UK News: How will you pass on your wealth to the next generation?

Passing on wealth to the next generation is one of the most important yet challenging aspects of Financial Planning. Research indicates that many families do not transition their assets as successfully or efficiently as they intend to. In this article, we consider three principal strategies that we regularly discuss to address Inheritance Tax (IHT) planning requirements.

1. Asset reduction – gifting of assets during your lifetime (and receiving no further benefit from any asset gifted)

One of the most effective ways to reduce the value of an estate, and therefore its exposure to IHT, is to gift assets. So long as the individual making the gift survives for seven years from the date on which the gift was made, and receives no further benefit from it, it is not subject to IHT. If the gift is classified as being from surplus income, it is (currently) immediately exempt.

Before gifting an asset, consideration should be given to the following:

  • Any potential liability to Capital Gains Tax (CGT), since the gifting of certain assets constitutes a disposal for CGT purposes. Prior to any gift being made, the CGT treatment should always be clarified with your tax advisor.
  • That there is no reservation of benefit when a gift is made, since if there is, it may be treated as never having occurred. This means that you cannot continue to enjoy the benefit of an asset after you have gifted it as this would render it within your estate for IHT purposes.

Should you prefer to retain a degree of control over the assets you are prepared to give away, a Trust can be an effective alternative to an outright gift. Trusts can be used to ensure that family assets are not misused. They can also provide a degree of discretion as to how both future capital and income distributions are dispersed. Trusts can be created either during your lifetime or through making the relevant provision in your will. Advice should always be taken prior to transferring assets to a Trust during an individual’s lifetime, since such a transfer may trigger the lifetime charge to IHT of 20 per cent.

2. Asset Freezing – locking in the current value of what you have and gifting the potential future increases in value

For assets that are likely to increase significantly in value over time, such as real estate or equities, it is possible to ensure that future increases in value fall outside of your estate. The simplest example of asset freezing is a loan. A loan freezes the value of the monies lent from the lender’s estate and, provided the borrower invests the monies, allows any future capital growth to accrue outside the estate of the lender and within the estate of the borrower. To ensure that making the loan does not itself give rise to an IHT charge, the loan is usually expressed to be interest free and repayable on demand.

Asset freezing can be effective should you believe that you have accrued sufficient wealth to provide for yourself, but you are reluctant to part completely with a large part of your estate. An integrated approach, involving both asset reduction and asset freezing, is sensible.

Typical structures employed to hold the capital growth are Trusts or Investment Companies, such as Family Investment Companies (FICs). Control over the direction of the growth can be achieved by specifying in the Trust deed how the accumulated funds are to be distributed. It can also be specified in the company structure through the formation documents and shareholders agreements, with decisions as to when funds should be paid out resting with the directors rather than the shareholders.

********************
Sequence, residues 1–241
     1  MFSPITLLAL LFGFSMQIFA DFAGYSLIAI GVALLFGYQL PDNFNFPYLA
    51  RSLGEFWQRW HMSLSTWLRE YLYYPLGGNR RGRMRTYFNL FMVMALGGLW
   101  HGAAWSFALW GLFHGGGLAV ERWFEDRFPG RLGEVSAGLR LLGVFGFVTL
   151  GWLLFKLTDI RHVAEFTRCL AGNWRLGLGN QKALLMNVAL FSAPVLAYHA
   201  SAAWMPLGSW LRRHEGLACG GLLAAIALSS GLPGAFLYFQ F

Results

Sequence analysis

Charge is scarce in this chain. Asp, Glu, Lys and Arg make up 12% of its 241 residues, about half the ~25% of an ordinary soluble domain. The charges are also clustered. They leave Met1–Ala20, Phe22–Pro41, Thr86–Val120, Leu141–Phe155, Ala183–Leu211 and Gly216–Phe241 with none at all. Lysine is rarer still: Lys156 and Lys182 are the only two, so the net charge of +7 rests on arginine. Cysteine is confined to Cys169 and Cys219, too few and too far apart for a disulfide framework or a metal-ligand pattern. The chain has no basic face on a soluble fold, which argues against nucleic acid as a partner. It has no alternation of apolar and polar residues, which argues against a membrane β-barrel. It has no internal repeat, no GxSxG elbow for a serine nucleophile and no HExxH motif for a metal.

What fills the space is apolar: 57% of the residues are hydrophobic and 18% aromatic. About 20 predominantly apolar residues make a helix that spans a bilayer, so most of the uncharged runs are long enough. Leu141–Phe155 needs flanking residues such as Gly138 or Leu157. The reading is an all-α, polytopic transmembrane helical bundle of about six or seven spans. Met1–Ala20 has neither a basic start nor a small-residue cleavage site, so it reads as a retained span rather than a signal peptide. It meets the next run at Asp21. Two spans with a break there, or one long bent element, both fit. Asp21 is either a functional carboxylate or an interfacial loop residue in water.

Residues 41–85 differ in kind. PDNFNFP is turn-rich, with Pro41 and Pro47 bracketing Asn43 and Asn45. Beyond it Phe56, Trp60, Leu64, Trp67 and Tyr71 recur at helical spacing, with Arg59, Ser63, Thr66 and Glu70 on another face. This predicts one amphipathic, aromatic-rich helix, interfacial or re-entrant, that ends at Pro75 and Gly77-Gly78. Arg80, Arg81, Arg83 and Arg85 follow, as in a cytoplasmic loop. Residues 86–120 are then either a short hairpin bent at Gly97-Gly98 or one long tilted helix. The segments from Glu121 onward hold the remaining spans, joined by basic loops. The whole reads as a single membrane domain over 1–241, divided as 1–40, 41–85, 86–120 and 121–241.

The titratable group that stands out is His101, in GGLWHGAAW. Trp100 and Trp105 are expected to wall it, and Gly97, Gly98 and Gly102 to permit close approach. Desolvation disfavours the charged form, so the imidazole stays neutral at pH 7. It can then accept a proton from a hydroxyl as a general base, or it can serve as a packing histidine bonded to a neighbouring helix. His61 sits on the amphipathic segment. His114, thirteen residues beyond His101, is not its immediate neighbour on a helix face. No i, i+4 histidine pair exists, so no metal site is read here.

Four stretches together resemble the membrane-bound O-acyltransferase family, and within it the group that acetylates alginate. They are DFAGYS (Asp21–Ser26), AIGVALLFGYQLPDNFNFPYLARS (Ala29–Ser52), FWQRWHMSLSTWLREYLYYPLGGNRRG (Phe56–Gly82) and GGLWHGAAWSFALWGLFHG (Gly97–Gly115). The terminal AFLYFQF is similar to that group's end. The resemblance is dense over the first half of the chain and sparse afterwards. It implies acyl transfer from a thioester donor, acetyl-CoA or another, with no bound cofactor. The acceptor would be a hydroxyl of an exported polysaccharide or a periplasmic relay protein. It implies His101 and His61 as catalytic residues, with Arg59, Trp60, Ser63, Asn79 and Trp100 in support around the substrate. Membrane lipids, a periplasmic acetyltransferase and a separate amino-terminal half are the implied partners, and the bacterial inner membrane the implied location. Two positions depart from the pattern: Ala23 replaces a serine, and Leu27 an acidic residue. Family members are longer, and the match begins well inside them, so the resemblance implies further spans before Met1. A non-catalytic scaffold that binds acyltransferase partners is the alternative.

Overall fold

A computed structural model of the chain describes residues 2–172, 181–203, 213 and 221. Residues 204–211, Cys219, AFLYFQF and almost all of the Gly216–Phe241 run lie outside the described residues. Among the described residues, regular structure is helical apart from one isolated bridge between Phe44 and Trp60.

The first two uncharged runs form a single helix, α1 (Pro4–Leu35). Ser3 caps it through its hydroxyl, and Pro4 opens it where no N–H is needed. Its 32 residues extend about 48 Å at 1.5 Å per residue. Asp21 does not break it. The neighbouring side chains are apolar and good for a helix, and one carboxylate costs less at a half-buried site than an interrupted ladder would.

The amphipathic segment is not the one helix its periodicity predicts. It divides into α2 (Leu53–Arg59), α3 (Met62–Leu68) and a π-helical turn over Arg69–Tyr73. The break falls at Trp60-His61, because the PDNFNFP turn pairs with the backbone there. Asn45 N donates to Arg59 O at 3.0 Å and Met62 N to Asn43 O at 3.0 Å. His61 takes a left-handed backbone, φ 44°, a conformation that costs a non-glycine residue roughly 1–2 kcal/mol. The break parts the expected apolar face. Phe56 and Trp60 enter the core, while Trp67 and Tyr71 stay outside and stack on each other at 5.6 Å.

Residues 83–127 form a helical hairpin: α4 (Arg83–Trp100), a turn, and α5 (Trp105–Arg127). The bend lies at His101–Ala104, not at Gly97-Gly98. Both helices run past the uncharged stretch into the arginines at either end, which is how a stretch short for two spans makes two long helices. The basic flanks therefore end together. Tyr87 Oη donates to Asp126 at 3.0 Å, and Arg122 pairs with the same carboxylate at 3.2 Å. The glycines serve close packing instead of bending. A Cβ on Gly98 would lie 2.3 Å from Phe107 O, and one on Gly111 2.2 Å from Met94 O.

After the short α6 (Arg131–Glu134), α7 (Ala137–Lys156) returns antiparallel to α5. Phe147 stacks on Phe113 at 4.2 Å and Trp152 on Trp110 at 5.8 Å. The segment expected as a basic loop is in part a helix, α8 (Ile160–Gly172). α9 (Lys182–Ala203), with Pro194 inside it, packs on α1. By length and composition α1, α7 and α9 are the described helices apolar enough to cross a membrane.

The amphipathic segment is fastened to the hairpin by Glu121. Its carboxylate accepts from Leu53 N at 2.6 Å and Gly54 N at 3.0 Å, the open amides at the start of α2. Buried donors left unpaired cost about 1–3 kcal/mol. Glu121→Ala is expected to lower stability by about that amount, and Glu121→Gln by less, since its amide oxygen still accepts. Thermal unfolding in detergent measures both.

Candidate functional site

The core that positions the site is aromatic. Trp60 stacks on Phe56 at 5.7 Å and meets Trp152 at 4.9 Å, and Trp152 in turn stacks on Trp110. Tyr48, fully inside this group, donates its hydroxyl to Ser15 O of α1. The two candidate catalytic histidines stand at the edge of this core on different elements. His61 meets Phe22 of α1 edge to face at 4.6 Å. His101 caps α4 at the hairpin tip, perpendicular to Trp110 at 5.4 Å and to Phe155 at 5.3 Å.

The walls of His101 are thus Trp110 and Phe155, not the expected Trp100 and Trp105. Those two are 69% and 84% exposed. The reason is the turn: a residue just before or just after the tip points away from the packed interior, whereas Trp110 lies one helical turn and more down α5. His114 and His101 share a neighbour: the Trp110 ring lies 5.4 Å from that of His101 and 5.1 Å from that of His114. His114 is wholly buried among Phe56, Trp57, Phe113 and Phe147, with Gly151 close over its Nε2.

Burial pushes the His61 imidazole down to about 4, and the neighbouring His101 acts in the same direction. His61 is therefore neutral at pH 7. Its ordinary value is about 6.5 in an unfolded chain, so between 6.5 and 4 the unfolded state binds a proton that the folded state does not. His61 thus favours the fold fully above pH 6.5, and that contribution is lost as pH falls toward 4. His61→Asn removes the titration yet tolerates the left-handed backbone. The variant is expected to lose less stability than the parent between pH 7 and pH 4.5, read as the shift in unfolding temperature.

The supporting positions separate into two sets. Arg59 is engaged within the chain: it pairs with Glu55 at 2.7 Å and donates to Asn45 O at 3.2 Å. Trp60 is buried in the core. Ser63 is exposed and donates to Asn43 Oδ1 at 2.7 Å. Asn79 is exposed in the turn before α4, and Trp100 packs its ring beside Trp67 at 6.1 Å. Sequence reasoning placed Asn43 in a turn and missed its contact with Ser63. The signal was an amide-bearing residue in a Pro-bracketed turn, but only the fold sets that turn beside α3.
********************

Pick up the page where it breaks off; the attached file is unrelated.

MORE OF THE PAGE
3. Asset Conversion – converting the assets currently owned which do not qualify for IHT relief into assets that qualify for a specific IHT relief

Asset Conversion involves converting assets which do not qualify for any form of IHT relief into assets which do (for example agricultural or business property). The intention of this is to reduce the value of the assets when calculating the IHT liability.

Certain assets which qualify for IHT relief can be transferred to vehicles such as Trusts – without the usual lifetime charge to IHT (20 per cent). As noted above, Trusts can be used to ensure that payments are only made in certain circumstances and to provide a framework for family members and beneficiaries, when managing wealth.

Advice should always be taken prior to transferring assets to a Trust.

Insurance

In addition to the strategies highlighted above, if you are concerned about the impact of IHT on your estate, you may also wish to consider using life assurance as a means of providing your beneficiaries with funds to enable them to meet any IHT liability.

Life assurance can also be used as a means of providing your selected beneficiaries with liquidity.

Our services

Whether you have a well formulated plan, which you would simply like us to help you execute, or if you have not yet started to consider your Estate Planning strategy, we can assist you in assessing your options and building a plan that meets your needs. We will review your existing arrangements, discuss your objectives and undertake rigorous analysis such as stress testing your ability to transition wealth, whilst maintaining your desired lifestyle.

Why not contact your Relationship Manager or Investment Counsellor to arrange a meeting to see how our Strategic Financial Planning Specialists might be able to address your Estate Planning needs?

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